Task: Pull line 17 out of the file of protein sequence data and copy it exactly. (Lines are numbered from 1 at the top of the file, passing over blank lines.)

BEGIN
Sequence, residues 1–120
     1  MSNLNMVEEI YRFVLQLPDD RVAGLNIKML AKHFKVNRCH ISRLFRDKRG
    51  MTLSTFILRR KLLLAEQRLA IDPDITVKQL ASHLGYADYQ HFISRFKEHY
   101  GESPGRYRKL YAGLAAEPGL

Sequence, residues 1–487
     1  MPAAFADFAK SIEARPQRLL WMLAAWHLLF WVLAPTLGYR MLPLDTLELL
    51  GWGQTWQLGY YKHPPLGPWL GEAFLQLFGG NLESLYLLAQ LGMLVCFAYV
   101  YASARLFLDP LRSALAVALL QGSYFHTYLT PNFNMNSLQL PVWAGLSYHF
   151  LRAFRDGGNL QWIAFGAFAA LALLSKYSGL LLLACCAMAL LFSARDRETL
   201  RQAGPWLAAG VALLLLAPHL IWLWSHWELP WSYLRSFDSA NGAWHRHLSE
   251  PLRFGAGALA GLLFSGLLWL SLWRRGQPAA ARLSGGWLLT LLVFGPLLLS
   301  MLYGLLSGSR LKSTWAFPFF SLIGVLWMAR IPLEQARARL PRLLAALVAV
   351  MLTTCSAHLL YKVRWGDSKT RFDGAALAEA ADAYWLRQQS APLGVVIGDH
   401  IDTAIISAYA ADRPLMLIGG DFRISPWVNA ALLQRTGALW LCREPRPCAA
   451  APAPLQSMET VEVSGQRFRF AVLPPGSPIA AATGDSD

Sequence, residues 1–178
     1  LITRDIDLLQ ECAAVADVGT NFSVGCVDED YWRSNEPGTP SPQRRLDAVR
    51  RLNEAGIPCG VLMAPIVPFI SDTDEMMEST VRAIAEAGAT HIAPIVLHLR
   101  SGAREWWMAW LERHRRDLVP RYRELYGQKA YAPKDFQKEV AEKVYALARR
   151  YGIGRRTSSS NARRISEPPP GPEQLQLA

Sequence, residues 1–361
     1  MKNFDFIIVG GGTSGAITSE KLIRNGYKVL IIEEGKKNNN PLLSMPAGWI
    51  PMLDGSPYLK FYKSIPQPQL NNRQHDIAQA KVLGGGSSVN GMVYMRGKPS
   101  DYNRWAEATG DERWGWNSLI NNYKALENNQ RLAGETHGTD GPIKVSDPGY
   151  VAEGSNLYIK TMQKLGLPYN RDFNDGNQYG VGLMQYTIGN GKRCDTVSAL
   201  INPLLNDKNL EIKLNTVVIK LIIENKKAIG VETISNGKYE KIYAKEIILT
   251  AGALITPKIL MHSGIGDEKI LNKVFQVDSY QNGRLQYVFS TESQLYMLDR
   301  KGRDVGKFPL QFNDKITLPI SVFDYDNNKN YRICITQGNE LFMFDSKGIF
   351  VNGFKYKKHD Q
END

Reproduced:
     1  LITRDIDLLQ ECAAVADVGT NFSVGCVDED YWRSNEPGTP SPQRRLDAVR